Finally, after dark, he showed up. He had wounds on his head between his ear and his eye and below his chin. He had been attacked a week earlier by some creature and we were giving him antibiotics to quell the infection from that. I hoped that the antibiotic in his bloodstream, plus the two remaining pills, would be enough to prevent any infection from this new attack. By Thursday evening I knew it wasn’t going to be enough, so I took him with me when I went to the Delisle vet clinic to work on their bookkeeping. He got one antibiotic pill there at the clinic and another that evening.

Our most lively cat had become lethargic and slow moving, yet yesterday morning he wanted to go out. I expected that he would only be out a short time, but the hours went by and no Pookie appeared. I finally called the lady on the farm next to our acreage and she said she had not seen Pookie, but that all their cats went into hiding during the day because of the dogs. Their son and his family are moving back from Alberta and the dogs are staying next door until they can move to their new home. But the dogs are penned up in the evening and then the cats come out to be fed.

Evening came, and still no Pookie. By this time I had worked through most of the grieving process, from denial to anger and finally acceptance that I probably would not see him again. Just before I went to bed, I decided to look once more. In my pyjamas, with slippers on my feet and a flashlight in my hand, I opened the door to go out . . . and in walked Pookie.

He must have found a safe place to sleep the day away and was moving  with greater ease than in the morning. I popped a pill in his mouth, made sure he had enough to eat, went to bed and slept peacefully.

I wondered about my feelings, is it right to be so emotionally affected by the supposed loss of an animal? We humans seem often to be unbalanced in our love. Some people are animal lovers, but have difficulty getting along with people. Some people profess a love for their fellow man, yet are very hardhearted toward animals. I don’t believe either extreme is pleasing to God.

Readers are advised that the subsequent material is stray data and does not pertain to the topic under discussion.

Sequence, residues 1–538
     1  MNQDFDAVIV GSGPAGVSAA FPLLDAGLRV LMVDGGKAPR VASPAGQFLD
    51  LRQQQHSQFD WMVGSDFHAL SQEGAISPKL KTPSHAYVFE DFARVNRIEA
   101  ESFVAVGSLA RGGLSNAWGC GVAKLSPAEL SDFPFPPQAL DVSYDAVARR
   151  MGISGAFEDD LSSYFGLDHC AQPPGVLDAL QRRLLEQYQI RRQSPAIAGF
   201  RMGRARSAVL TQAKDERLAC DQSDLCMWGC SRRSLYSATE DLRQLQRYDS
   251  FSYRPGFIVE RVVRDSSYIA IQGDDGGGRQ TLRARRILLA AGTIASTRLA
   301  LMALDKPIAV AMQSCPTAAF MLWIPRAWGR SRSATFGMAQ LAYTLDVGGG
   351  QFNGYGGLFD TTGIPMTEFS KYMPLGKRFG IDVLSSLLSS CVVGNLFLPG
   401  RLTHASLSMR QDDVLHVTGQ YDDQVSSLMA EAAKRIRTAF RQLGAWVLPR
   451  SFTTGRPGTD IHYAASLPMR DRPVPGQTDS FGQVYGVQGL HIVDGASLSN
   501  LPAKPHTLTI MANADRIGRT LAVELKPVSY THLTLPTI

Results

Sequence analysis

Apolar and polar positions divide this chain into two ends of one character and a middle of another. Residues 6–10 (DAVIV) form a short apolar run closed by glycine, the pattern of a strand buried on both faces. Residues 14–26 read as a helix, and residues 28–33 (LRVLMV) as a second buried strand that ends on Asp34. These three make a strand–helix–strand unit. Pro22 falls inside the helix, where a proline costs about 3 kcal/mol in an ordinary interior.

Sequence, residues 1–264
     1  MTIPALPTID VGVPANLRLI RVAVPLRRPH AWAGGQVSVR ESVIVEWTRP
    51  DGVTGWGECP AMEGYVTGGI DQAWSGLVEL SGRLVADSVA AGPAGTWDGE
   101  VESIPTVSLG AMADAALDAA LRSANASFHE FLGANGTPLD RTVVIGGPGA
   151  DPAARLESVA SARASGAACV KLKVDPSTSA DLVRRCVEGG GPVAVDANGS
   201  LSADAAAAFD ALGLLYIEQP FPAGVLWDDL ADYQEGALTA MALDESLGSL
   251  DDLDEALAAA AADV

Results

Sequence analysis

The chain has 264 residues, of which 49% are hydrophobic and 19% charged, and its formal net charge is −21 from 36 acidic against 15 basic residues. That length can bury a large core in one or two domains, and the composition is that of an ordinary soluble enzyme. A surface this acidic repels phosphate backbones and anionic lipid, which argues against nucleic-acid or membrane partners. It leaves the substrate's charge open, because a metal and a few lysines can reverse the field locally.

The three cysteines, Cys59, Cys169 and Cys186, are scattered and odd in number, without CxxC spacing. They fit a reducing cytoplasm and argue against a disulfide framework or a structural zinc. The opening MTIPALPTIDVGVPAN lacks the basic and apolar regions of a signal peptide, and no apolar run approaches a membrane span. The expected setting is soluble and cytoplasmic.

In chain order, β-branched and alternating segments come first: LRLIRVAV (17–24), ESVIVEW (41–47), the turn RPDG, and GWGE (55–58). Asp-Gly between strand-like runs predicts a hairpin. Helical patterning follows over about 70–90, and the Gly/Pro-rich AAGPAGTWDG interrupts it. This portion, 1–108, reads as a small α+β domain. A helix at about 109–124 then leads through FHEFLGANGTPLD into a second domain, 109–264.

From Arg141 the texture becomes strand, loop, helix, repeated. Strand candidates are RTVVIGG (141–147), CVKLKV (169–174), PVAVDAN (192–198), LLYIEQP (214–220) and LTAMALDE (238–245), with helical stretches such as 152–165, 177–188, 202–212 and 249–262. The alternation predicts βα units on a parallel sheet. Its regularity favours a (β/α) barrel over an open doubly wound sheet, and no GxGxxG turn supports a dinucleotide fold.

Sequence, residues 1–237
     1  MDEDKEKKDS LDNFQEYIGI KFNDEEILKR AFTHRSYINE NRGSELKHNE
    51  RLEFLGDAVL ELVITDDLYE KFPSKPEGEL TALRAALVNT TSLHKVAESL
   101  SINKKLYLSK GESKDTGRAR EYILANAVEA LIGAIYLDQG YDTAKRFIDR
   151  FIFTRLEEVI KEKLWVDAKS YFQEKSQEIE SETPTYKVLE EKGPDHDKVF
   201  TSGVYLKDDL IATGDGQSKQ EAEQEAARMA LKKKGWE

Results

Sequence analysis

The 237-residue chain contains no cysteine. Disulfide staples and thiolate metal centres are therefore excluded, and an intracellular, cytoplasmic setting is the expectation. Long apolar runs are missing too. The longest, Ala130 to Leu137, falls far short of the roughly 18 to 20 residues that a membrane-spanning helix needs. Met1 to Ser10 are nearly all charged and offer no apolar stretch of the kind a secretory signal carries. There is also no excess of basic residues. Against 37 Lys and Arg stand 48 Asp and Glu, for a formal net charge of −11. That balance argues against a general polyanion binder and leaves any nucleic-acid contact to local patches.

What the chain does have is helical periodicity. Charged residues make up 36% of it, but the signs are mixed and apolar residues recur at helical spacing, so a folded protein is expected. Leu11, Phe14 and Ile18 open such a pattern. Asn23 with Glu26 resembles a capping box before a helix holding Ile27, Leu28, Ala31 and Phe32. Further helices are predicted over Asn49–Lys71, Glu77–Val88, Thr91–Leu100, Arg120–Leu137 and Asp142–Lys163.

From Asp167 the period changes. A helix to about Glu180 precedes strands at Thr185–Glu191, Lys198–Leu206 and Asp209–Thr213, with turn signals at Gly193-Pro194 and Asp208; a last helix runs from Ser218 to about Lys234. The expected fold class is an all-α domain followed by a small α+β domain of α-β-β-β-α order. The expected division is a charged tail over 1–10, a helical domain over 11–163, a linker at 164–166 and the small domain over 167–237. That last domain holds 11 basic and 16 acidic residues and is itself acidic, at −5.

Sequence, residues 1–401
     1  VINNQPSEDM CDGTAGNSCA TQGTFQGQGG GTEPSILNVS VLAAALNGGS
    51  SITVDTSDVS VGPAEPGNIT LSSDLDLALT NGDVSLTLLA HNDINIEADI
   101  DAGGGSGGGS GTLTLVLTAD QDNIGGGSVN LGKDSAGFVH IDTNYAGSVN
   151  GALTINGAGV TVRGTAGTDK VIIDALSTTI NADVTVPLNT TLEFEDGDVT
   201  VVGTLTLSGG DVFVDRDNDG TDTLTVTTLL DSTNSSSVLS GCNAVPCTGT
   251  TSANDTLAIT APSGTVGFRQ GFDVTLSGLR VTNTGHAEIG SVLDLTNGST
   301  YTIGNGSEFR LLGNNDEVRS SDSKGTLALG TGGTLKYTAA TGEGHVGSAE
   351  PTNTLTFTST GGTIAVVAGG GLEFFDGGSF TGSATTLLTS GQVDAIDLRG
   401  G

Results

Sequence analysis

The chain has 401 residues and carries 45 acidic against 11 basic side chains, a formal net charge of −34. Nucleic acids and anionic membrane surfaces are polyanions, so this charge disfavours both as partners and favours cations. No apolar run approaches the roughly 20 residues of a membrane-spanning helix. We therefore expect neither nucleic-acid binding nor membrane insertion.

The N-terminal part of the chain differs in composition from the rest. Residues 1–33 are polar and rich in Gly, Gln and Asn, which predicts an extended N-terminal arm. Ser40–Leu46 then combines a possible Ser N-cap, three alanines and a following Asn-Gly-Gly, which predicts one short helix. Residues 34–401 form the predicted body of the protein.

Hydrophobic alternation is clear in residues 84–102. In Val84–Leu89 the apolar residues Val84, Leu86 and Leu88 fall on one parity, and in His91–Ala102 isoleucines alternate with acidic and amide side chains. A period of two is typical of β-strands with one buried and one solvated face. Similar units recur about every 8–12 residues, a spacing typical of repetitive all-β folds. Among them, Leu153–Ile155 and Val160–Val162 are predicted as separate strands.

Wasn’t it the shepherd’s love for his sheep that gave meaning to the Old Testament sacrifices? Shepherds knew their sheep, called them by name, took care of their needs, protected them, and loved them. God asked them to take the very best out of their flock and to offer it as a sacrifice for their sins. Don’t you suppose they were reminded again and again how serious their sins were when they had to take a sheep that they loved and offer it as a sacrifice to atone for their sins?

David went from tending his father’s flock as a shepherd to tending his heavenly Father’s flock as king. He never lost the heart of a shepherd. When he sinned by numbering the people and the death angel was sent among the people, David said: “Lo, I have sinned, and I have done wickedly: but these sheep, what have they done? let thine hand, I pray thee, be against me, and against my father’s house” (2 Samuel 24:17).
Isn’t this why David was a man after God’s own heart?

Finally, it took the sacrifice of Jesus, the only-begotten Son of God, the perfect Lamb of God, to bring an end to the slaughter of animals as atonement for sin. Don’t you suppose the Father’s heart was broken when Jesus cried out from the cross “My God, my God, why hast thou forsaken me?

No suffering is pleasing to God, He knows every sparrow that falls. He has no pleasure in the death of sinners, yet the death of His own Son makes plain the terrible reality that sin separates us from God.

 

How can we be sure that Christ arose?

There are people in our day who say that Jesus never existed. However, there are references to Jesus in first century writings by both Jewish scholars and Roman officials. No one from that era ever denied that Jesus was a real person. The gospels are eye witness accounts and the authenticity of their accounts on other points has been established.

Luke, in particular, was a meticulous historian. He placed the events in his gospel with reference to secular events and individuals. It has been found that the officials he mentions really did exist in the time and place that he ascribes to them. In both the gospel of Luke and the Acts of the Apostles, Luke took great care to seek out authentic eye witness accounts to compile his history.